Your life could depend on being able to hear and understand emergency messages broadcast from an emergency voice alarm system. Originally, NFPA 72, National Fire Alarm and Signaling Code, only stated that the message had to be “distinguishable and understandable.” This language was subject to interpretation and test methods varied from one facility to another.
The concept of intelligibility testing was added to the 2007 edition of NFPA 72 with the intent to provide a quantitative method of testing. The intent was to test voice messages with an intelligibility meter to ensure certain minimum qualities were met. It was also intended to improve consistency in testing. The test methods allowed in the testing table of Chapter 10, “Inspection, Testing and Maintenance,” included use of a subject-based test method, use of methods and instruments that measure certain physical parameters and provide a common intelligibility scale (CIS) score, or use of test methods acceptable to the authority having jurisdiction.
As you can see, there was still a wide range of test methods. I believe the intent was to have a requirement for testing using instruments to provide a CIS score. This has never happened to date. The technical committees still feel that the increase in the cost of that level of testing does not justify the use of such methods for all voice communications systems, so any requirements for intelligibility testing for CIS scores is usually part of the design specifications.
The 2007 edition was the first time a new annex was added to describe the use of mass notification systems. As part of the restructuring of NFPA 72 in the 2010 edition, that annex became part of the new Chapter 24, “Emergency Communications Systems.” A new Annex D was added to primarily provide recommendations for intelligibility testing of voice systems. If you are installing a fire alarm or mass notification voice systems, review information in Annex D prior to installation. In the 2010 edition, a new definition for acoustically distinguishable space (ADS) was added to define spaces with different audible and environmental characteristics.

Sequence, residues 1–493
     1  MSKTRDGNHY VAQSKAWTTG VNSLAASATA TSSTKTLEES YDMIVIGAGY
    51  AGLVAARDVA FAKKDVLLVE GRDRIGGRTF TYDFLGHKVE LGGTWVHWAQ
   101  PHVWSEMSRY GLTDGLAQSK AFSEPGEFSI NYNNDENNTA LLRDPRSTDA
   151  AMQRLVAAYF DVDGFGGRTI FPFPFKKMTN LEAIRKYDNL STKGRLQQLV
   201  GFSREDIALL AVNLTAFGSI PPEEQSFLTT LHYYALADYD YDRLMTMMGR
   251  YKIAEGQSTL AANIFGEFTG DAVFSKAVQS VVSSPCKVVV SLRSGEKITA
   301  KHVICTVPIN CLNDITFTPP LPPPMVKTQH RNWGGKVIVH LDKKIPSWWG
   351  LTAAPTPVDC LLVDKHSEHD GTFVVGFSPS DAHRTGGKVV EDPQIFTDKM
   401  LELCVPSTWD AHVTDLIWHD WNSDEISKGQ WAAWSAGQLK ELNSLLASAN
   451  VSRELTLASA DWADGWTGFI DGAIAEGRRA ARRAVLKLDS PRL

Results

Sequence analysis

From here on, this article references the 2019 edition of NFPA 72. Currently, NFPA 72 Section 188.8.131.52 states that when we use voice for notification, we are not required to meet the audibility requirements of Chapter 18, but we shall meet intelligibility requirements where intelligibility is required. The alert tone is the only thing that must have its audibility level tested. Section 18.4.11, “Voice Intelligibility,” includes useful information.
It is the responsibility of the design professional to determine the ADSs and which ones will or will not require voice intelligibility. Voice intelligibility requirements must be specifically required by a law, code, standard or other part of NFPA 72. That would likely come from Chapter 24, “Emergency Communication Systems.” Section 18.4.11 also states that quantitative measures are not required. That means if you are required to conduct intelligibility tests, you would not be required to use the instruments that provide a CIS score or speech transmission index; however, these methods are allowed.
Chapter 24, Section 24.3.1 “Intelligible Voice Messages” states that, if listed speakers do not achieve the intelligibility requirements of the code, you can use nonlisted speakers to meet the requirements. It is important that the speaker layout be designed to ensure intelligibility and audibility and that intelligibility is first determined by ensuring audibility levels are met.
Many manufacturers provide online speaker layout tools you can use to determine how many speakers will be needed based on room dimensions, ceiling height, acoustic characteristics and audibility levels. This is necessary to provide clearer, more understandable messages in buildings.
To the best of my knowledge, no national model code requires voice intelligibility to be tested. This may be a requirement of the design specifications. Obviously, it is more critical to verify intelligibility is some facilities than in others. The only written requirement I have seen is in the Unified Facilities Criteria for “Design and O&M: Mass Notification Systems,” which is used by the Army Corps of Engineers.
I hope this helps provide a better understanding of the requirements—or lack thereof—when installing emergency voice alarm communications systems or mass notification systems. I tried to provide enough detail about which chapter and section provides information so you can find it a little more easily the next time you are preparing to install one of these systems.